Trump’s decision, while it will upset the delicate political equilibrium in the Middle East, will neither cancel nor reverse international law. It simply means that the U.S. will further isolate itself from the rest of the world by openly defying it.

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President Donald Trump’s announcement on Wednesday to officially recognize Jerusalem as the capital of Israel has finally laid to rest the illusion that the U.S. was ever keen on achieving a just and lasting peace between Israel and its neighbors.

His announcement should not come as a complete surprise. The U.S. has been divesting from its political role in the Middle East, at least throughout the two terms of President Barack Obama.

In fact, Trump’s recent announcement from Washington was a tamed version of his statement before the Israel lobby last year.

In March 2016, Republican presidential candidate Trump delivered his famous speech before the American Israel Public Affairs Committee (AIPAC). “When the United States stands with Israel, the chances of peace really rise and rises exponentially. That’s what will happen when Donald Trump is president of the United States,” he declared. “We will move the American embassy to the eternal capital of the Jewish people, Jerusalem,” he announced. The mixed cheers and applause were deafening.

This new reality, in Trump’s view, renders null and void United Nations Security Council Resolutions 242 and 338, which have served as the cornerstone for just peace and the closest thing to reparations that Palestinians could ever hope to receive. The resolutions call for Israeli withdrawal from the territories it occupied since the war of 1967. Since then, East Jerusalem has been recognized by international law and even by every country that extended diplomatic ties with Israel as an integral part of the occupied territories.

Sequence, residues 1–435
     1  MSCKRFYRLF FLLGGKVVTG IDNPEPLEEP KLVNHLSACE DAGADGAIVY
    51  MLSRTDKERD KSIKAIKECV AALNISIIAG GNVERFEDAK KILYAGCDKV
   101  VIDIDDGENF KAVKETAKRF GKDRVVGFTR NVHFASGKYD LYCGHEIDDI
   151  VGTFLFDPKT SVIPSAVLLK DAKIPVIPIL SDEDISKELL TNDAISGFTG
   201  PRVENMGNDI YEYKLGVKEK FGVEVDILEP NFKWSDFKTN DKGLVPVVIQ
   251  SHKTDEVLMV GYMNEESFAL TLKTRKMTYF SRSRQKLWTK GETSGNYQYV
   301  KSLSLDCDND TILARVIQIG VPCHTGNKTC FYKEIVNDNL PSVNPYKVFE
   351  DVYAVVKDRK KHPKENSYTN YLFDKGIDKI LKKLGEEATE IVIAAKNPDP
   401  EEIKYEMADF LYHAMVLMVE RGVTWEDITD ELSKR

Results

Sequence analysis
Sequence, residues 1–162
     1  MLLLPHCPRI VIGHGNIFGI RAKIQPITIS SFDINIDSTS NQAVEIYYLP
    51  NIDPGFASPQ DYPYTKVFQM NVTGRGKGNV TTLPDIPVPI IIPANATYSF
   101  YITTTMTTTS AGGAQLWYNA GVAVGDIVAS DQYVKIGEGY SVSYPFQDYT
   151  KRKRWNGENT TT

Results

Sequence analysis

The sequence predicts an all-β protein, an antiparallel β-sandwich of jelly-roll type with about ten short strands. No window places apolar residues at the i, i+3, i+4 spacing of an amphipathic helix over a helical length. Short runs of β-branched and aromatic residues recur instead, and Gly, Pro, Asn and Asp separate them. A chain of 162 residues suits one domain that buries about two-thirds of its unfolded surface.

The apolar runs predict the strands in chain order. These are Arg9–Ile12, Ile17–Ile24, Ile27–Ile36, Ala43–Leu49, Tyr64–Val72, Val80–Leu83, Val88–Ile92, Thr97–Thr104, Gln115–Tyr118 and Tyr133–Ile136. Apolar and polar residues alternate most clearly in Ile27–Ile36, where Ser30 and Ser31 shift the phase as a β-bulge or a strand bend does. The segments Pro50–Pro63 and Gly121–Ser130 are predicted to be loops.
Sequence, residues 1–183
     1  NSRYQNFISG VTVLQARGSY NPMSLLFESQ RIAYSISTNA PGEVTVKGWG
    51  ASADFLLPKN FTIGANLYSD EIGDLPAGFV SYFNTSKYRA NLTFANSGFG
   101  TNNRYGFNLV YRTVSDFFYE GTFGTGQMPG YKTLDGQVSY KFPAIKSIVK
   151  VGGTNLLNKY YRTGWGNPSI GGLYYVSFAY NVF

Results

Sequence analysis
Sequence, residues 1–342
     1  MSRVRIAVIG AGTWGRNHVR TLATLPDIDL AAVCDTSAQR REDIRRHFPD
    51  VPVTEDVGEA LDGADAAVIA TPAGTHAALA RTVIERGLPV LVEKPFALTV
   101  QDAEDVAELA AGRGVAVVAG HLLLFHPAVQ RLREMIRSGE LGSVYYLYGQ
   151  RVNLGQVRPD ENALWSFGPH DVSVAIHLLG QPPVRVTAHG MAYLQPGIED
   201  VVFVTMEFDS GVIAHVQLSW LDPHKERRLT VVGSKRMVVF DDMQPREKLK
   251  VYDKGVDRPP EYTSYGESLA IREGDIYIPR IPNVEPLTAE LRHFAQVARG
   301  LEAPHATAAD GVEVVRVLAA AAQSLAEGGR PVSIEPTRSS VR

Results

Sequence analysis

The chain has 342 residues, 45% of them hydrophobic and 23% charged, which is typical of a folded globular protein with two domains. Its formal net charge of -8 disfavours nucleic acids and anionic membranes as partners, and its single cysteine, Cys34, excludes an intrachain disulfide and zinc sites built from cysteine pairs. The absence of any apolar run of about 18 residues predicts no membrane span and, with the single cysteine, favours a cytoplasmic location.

Now that Trump is president, he inherited a failed Middle East policy from his predecessor, a policy that Trump finds of no benefit to his administration. What truly matters to the new president is the support of the very constituency that brought him to the White House in the first place. The Christian-evangelical constituency that believes that such an act is all part of biblical prophecy remains the foundation of his troubled presidency.

Coordination between the Trump team and Israel began even before he walked into the Oval Office. They worked together to undermine U.N. efforts in December 2016 to pass a resolution condemning Israel’s continued illegal settlement in the occupied territories, including Jerusalem.

Names of individuals affiliated with the administration’s policy toward Israel spoke volumes of the messianic nature of the government’s outlook. David Friedman, Trump’s bankruptcy attorney, was picked as U.S. Ambassador to Israel; Jason Greenblatt was appointed as the administration’s top Middle East negotiator. Both men were known for their pro-Israel views.

Chosen to lead the “peace” efforts was Trump’s son-in-law and Israeli Prime Minister Benjamin Netanyahu’s friend, Jared Kushner.

By accepting Israel’s illegal annexation of East Jerusalem, Trump ends an American political gambit that lasted decades; supporting Israel unconditionally, while posing as a neutral, honest party. Now he says he can get to work and encourage Palestinians to make tough concessions that need to be made for the sake of peace.

But what baffles me, as a participant of one of modern history’s largest refugee crises, is the fact that we Palestinians have already sacrificed nearly 80 percent of our historic homeland. We are denied the most basic of human rights; the right to clean water, freedom of movement, the right to a national identity, and somehow it all boils down to the notion that we face this generations-long stalemate because Palestinians just aren’t willing to make concessions on the last 20 percent of our homeland. What else could we possibly sacrifice?

Trump’s decision, while it will upset the delicate political equilibrium in the Middle East, will neither cancel nor reverse international law. It simply means that the U.S. has decided to drop the act, and walk wholly into the Israeli camp, further isolating itself from the rest of the world by openly defying international law.

And by doing so, it will, oddly enough, negate the paradoxical role it carved for itself in the last 50 years — that of “peacemaker”.